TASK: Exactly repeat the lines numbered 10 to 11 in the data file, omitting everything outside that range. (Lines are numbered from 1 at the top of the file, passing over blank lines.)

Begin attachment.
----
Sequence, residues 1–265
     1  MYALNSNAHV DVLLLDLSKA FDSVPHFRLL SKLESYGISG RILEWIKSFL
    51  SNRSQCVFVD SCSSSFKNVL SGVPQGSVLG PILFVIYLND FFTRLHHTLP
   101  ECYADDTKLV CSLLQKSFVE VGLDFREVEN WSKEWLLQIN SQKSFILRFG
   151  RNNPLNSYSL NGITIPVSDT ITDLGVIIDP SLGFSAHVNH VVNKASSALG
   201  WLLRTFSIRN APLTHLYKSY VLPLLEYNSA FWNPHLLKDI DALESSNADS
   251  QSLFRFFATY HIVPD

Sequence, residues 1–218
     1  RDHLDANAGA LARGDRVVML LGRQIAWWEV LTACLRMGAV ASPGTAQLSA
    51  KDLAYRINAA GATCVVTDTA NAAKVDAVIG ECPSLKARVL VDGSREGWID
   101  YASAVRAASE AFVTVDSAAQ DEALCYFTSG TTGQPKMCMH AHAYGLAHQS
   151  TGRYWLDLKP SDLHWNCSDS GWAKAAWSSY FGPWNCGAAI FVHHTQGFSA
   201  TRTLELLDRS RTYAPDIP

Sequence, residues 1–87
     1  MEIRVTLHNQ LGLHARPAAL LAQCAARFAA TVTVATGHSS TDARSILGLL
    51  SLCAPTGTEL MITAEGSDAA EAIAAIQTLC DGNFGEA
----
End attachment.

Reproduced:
    51  KDLAYRINAA GATCVVTDTA NAAKVDAVIG ECPSLKARVL VDGSREGWID
   101  YASAVRAASE AFVTVDSAAQ DEALCYFTSG TTGQPKMCMH AHAYGLAHQS